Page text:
As for considereing other options, I would love to, but I am dictated by my customer. Its been a while, but I think I was able to lift the receiver enable pin and tie it appropriately.
Kudos to you for replying to a two-year old comment! I meant my remarks as sort of a clarification to others who read comments (and didn't realize there was a customer involved who would dictate communication methods). Perhaps you're right about the jumper.
I got mine today and they worked fine once I swapped A & B on the RS 485 end. The Rx and Tx lights are also backwards for my application.
I need more throughput than this chip will provide. That is, Larger TX and RX buffers on the chip. Anyone know where I can get a USB to RS485 converter with a larger buffer?
Yeah I agree TX & RX are swapped.
1a: Fixed termination resistor is a bad idea.
1b: The termination resistor is the wrong (common) value.
2: DE should be tied to TXDEN!
3: Don't tie /RE to DE on the SP3485. (Some of us like to hear what we say...)
I can't believe all the RS485 break-outs (at the time of writing this) suffer from 1 and 3...
Correct me if I'm wrong, but the TX and RX markings seem to be mixed up on the Silk screen on the newest version (BOB-09822)?
Other than that its a nice little board. Just started using it with PySerial :)
The description above
Has anyone tried to connect one of these to the RS-485 Breakout sku: BOB-09823?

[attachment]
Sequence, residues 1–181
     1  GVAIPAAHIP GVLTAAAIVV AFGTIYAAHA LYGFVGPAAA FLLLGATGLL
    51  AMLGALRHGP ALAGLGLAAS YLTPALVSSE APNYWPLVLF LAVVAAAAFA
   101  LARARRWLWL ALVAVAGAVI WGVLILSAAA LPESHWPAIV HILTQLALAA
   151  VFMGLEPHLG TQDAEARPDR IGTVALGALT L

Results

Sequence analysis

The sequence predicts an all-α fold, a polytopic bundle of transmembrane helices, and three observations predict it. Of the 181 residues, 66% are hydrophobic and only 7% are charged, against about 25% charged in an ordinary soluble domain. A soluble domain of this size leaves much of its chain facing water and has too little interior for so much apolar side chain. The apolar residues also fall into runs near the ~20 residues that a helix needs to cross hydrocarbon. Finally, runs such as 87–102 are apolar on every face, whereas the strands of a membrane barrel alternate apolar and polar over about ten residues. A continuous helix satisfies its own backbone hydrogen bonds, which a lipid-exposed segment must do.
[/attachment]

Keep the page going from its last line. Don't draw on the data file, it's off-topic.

I have an RS-485 Breakout connected to a Fez Domino and I am trying to communicate through RS-485 to a PC.
We have scoped out the RS-485 line and transmitted data in both directions looks fine.
If we connect a different RS-485 device from a different manufacturer then we can communicate to it in both directions.
So the issue seems to be communicating between two SP3485 based devices.
We have tried adding additional bias resisters similar to those on the other device. But it does not help.
Our best guess is that the issue is related to the 3.3V operation and the fact that each one has a terminating resister. Since an RS-485 network should really not have multiple termination resisters we wonder if this is the problem. Before I start modifying a board I wanted to see if anyone else had sucess with this setup.
As a product suggestion: a switch or jumper to disconnect the termination resister.
Schematic PDF and Eagle files are for RS485 driver board, not the USB to rs485 converter board. (FTDI Chip is not in the schematic, but is on the board in the picture)
So does this version use RTS or the FTDI TXDEN signal to enable the SP3485 driver ?
The schematic seems to still be for the original version of the board.
Sorry about that! Fixed.
But you didn't fix the description describing your change... just cost me many hours of time :(
"Driver/Receiver Enable connected to RTS line of FT232RL"